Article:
Four Great New Year’s Resolutions for Better Credit

2018 is quickly coming to an end, and it’s been quite a year. There’s been a fair share of scandals, triumphs, loses, tragedies, and inspirational moments, both public and private, that will set the stage as we prepare to transition into 2019.

New Year’s represents, for many, a chance to start over, to let the confidence that our victories have brought us, and the lessons we’ve gleaned from mistakes, set the stage for a new, improved version of ourselves.Whether it’s shedding a few pounds, taking more time to focus on family, or finally getting that Harley Davidson you’ve been eyeing the past year, New Year’s resolutions are a great way to get the most out of a new year.

If you haven’t thought about what you’re going to do in regards to your credit in 2019, there’s few things you could focus on that will have a great impact on you and your family. It affects so many diverse areas of your financial life, and credit is like your physical fitness – no matter how good you are, you can always get a little better.

To help you take that step, and commit to fixing your credit, or elevating it from good to excellent, here are four great New Year’s resolutions you should make to improve your credit.

1)   Reduce Your Utilization of CreditBetter Credit

Strange as it may sound, one of the first things you might need to look at to improve your credit in the new year is to spend less of it. Credit exists to help us out in times of need, or afford things that we just need more time or money to pay off than what we currently have, but overly relying on credit can cause your score to suffer considerably.

Credit utilization is one of the five factors of your credit score, and accounts for 30% of your overall score. Creditors want to see you using the credit they’ve extended to you to some degree (otherwise you’re just gaming the system), but do so responsibly. The general rule you should stick to, to help raise your credit score, is to use no more than 35% of your credit limit at any given time. To put it in numbers, if your credit card limit is $5,000, don’t charge more than $1,750 on your card in one month.

Reducing your utilization of credit will not only help improve your credit score, but also help you really analyze your finances to determine what’s most important. Once you’ve cut out those items that were causing you to bust the 35% ratio, you’ll find that many of those items weren’t so essential in the first place, and you’ll save money.

2)   Reduce Your Debts

Whether your credit score is phenomenal, or you cringe whenever someone mentions credit, we can all benefit from having less debt in our lives. No one likes having to look at a past due notice, or fend off a call from a debt collector; plus, extensive debt will quickly cause your credit score to plummet.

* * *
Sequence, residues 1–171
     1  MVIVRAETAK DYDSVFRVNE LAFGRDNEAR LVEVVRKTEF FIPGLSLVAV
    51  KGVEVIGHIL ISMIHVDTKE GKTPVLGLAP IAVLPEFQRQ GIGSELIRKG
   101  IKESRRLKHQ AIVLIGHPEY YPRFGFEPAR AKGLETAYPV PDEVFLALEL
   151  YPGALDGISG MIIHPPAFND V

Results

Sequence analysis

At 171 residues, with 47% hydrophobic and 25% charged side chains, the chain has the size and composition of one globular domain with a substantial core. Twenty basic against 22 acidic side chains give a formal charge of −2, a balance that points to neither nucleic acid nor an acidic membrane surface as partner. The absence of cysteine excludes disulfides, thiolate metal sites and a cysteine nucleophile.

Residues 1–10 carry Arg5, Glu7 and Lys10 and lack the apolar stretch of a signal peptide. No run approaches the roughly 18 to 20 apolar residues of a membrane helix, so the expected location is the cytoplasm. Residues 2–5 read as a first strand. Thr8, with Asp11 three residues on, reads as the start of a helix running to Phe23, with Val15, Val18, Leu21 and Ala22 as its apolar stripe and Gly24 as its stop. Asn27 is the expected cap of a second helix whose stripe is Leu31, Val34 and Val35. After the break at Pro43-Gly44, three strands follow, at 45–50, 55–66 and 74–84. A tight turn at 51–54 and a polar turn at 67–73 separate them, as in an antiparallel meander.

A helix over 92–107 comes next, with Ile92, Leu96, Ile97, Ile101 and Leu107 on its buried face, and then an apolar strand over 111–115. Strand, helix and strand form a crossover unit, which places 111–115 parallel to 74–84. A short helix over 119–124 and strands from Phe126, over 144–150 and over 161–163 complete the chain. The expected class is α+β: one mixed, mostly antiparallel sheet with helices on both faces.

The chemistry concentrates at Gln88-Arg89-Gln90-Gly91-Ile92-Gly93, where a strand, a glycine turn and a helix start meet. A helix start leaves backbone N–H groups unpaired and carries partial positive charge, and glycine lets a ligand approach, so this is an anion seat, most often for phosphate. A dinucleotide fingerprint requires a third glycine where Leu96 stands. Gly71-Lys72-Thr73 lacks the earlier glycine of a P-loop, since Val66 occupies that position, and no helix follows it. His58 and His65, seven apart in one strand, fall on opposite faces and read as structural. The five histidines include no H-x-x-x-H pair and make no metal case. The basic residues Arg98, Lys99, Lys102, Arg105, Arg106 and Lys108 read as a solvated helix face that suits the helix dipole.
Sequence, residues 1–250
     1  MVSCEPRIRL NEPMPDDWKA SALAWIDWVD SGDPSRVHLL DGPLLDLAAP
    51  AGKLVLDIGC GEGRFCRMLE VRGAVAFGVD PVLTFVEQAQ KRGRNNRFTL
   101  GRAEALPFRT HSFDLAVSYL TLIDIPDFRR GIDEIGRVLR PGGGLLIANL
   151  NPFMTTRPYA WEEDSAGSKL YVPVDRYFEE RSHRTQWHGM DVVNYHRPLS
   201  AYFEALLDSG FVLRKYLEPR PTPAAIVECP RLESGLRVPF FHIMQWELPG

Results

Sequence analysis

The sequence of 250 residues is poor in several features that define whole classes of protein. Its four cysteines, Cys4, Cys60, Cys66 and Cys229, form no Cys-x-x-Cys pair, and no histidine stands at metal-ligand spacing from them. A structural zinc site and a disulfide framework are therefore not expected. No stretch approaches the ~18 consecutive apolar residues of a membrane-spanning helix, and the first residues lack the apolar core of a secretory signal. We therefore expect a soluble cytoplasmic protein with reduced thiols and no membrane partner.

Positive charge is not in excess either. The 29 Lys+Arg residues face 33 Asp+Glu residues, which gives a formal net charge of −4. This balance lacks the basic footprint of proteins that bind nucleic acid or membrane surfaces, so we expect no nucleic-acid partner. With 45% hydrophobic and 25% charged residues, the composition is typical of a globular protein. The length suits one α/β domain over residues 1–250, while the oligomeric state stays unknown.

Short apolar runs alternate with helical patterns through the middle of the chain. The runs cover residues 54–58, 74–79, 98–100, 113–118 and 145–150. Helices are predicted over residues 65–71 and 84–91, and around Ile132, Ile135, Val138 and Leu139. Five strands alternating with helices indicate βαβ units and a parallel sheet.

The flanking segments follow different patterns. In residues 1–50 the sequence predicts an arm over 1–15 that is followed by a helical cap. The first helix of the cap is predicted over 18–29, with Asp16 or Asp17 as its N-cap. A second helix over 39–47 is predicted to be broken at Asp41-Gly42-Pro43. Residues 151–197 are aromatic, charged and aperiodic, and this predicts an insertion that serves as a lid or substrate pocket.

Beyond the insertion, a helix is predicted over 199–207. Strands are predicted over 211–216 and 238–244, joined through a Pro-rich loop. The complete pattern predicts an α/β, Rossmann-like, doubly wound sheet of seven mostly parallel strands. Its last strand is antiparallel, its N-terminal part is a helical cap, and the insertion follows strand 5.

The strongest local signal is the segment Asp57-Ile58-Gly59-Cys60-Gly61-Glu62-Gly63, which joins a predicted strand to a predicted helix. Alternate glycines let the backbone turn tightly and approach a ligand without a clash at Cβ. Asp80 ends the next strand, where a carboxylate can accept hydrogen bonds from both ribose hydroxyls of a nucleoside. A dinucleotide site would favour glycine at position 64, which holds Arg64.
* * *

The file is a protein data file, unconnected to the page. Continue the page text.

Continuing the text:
If you have extensive debt from credit cards, you might look at using a personal loan to pay them off, or prioritize which cards you need to pay first, based on interest rates, and channel most of your money to them. Alternately, if your debts are mostly from personal spending, you could look at eating out less, and cooking your own meals, which will improve both your health and finances.

3)   Diversify Your Credit

Many people are completely unaware that your mix of credit plays a role in determining your final credit score, but this is certainly the case. The three credit bureaus want to see several different types of credit before they’ll assign you a higher score, because it shows that you’re both organized and responsible enough to hand the different requirements for each type of credit.

For example: the payment due dates, interest rates, and minimum payment amounts for a standard bank credit card will be completely different than those associated with a mortgage, and you have to be able to manage both effectively. This validates your commitment to keeping your credit and finances in order, and in turn, will yield you a better credit score.

Don’t misunderstand me: applying for too much new credit, all at once, can be detrimental. Not only will the hard inquiries made on your score drop your credit score, it will create the impression that you’re desperate for credit. Instead, choose three different credit cards, such as one for your grocer, your gas station, and your bank, and apply for them throughout the year. Wait four to six months in between each, so it’s not so hard on your credit score.

4)   Pay Off Your Credit Cards in Full

In the same vein as reducing your debt and your utilization of credit in 2019, you should make a conscious effort to pay off your credit card balances in full, rather than just meeting the minimums. While this won’t directly improve your credit score, since all you have to do to remain in good standing with creditors is pay the minimum, it will have some ripple effects that will improve the rest of your financial life.

First, when you pay off your credit card in full, it makes managing your credit easier. Since you want to reduce your credit utilization, you need to be aware of how much you have on each card at any given time. This is a lot easier to do if your balance is reset at the end of the month, rather than having to track the remaining balance from previous months, especially if you’re using multiple cards.

Second, by paying off your balance in full, you’re avoiding the risk of accruing interest, which will make paying your bills easier, and help you reduce debt.

Finally, by paying off your balances in full each month, you’ll be able to enjoy more peace of mind, knowing that your finances are in order, and no one is going to be calling or emailing you about your balance, which will allow you to focus on the other important areas of your life.

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